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Horkesley Park: Is It Viable?

It is a matter of regret that the Applicant has decided not to publish its assumptions regarding the financial viability of Horkesley Park. There is however certain information in the documentation that allows a business model to be created. Our own senior financial experts have done this and their report and conclusions are shown below. In preparing this report they have also carried out considerable research in comparing Horkesley Park with other similar attractions for which they provide details. Their report shows that :

  • Visitor numbers are considerably overstated.
  • Entry fees are overstated.
  • Spend per head is overstated
  • Margins on food, beverage and merchandise (based on 2009 margins), are overstated.

Any one of these factors (apart from margins on food and beverages) would create an overall loss for the project. If the combined effect of all these factors is taken into account, the project would make a:

Loss before interest and Tax of at least £2.5M.

If Interest on Capital Employed is taken into account the project would not be viable even on the assumptions made by the Applicant.

Furthermore, the analysis does not take into account the considerable additional expense that the Applicant will incur in operating the free/subsidised bus services required by the S106 Agreement. This would make the position even worse.

We also note that the Applicant has not apparently included any staff in the cafe or for security and maintenance. The cost of these may be incremental to the costs given which would make the viability even less probable. We also note that the Applicant focuses heavily on education as one of their main themes and we question whether they have taken into account the onerous and expensive demands of CRB checking of all staff that would be required.

 It is significant that 48% of revenues are predicted by the Applicant to come from the sale of goods and services other than tickets – in other words, retail sales. Whilst there might be some sales from ‘rides’ of various descriptions it is unlikely that they will constitute anything but a small percentage of this total.

It is noted, and of concern, that the Council has agreed that the retail element has been accepted as ‘ancillary’. The Applicant has apparently reduced the dedicated retail space by 86% compared with the 2009 application. This is largely an artificial reduction and there is nothing to stop the use of large areas of the proposed development, including the 2080 sq. M. display ring, for other retail activities such as Farmers Markets, specialist sales, etc. During the Consultation process we were verbally advised by the Applicant that over 120 small businesses had been approached. If they take up the option to sell their wares on the site, they will have to be accommodated somewhere – in other words, retail sales.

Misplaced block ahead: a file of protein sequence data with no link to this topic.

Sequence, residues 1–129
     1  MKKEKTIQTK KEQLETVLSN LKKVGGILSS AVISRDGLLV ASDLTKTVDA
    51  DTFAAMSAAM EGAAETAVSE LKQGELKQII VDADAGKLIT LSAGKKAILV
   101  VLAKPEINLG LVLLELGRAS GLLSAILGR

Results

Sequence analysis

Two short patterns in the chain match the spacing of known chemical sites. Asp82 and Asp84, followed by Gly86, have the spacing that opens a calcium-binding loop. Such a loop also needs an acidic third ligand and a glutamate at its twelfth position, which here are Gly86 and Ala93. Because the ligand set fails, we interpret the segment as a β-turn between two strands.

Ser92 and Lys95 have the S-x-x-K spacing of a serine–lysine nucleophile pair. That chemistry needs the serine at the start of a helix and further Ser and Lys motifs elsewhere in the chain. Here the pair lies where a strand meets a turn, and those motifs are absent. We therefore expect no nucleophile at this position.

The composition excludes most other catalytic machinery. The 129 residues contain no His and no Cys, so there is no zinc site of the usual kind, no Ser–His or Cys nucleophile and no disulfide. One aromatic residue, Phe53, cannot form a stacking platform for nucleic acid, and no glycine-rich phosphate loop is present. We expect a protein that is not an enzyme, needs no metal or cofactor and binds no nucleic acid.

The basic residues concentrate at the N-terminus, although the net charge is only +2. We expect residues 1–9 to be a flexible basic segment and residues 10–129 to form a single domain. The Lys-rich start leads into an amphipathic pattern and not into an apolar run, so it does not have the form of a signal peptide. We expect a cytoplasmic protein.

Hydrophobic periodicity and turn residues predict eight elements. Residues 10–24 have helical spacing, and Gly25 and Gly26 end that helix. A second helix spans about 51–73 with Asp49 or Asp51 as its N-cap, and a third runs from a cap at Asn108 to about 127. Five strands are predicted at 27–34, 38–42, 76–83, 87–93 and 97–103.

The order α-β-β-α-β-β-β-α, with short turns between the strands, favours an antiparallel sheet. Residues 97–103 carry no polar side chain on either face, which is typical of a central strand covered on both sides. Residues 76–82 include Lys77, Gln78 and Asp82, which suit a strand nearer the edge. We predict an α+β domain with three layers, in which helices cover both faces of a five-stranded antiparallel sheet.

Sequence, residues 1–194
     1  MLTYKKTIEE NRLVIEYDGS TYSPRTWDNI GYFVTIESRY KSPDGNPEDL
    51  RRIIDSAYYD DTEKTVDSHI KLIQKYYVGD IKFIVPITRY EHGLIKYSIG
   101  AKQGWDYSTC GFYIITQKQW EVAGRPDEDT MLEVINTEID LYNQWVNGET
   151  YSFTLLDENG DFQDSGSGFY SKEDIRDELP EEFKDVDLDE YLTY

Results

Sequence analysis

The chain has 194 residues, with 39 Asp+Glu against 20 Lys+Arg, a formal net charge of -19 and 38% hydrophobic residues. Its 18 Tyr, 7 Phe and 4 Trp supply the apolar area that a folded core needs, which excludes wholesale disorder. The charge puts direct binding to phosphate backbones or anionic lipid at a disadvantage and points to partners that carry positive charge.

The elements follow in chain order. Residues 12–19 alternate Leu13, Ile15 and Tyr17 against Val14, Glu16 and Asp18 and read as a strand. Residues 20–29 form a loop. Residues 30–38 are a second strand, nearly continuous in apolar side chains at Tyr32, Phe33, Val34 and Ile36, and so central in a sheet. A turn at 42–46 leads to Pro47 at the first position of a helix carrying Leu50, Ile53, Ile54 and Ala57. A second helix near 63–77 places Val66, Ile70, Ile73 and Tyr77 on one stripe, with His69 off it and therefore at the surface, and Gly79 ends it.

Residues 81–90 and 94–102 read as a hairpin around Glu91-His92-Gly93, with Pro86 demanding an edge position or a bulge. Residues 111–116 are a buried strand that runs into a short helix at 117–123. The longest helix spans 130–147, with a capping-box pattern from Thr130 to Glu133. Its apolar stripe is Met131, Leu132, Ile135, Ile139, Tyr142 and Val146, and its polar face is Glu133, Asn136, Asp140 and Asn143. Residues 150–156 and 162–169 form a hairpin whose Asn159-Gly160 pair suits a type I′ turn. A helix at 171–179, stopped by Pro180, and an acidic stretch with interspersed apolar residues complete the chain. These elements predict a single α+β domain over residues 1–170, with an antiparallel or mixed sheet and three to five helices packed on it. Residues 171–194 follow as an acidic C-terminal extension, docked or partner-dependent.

Business viability is a matter of legitimate public concern for the development of such a major venture as that proposed for Horkesley Park. Business failure would result in the creation of a venture in the countryside that could only be rescued by further retail expansion which the Council would find hard to resist.

At the very least, we strongly advise the Council to get their own independent financial analysis carried out and make any such analysis available in the public domain.

To quote the concluding sentence of the report:

“on the basis of the information that Buntings have provided, this business plan is not financially viable on any realistic basis. It does not make any sense from either a commercial or financial point of view. In short, it is a complete sham.”

To read the Visitor Attraction Consultants report click here (pdf 433Kb)

It is interesting to see that the report CBC itself commissioned from independent consultants  Britton McGrath Associates coincides with SVAG’s own in its line and conclusions if not in its precise figures.  BMA of course were working from Buntings’ confidential Business Plan.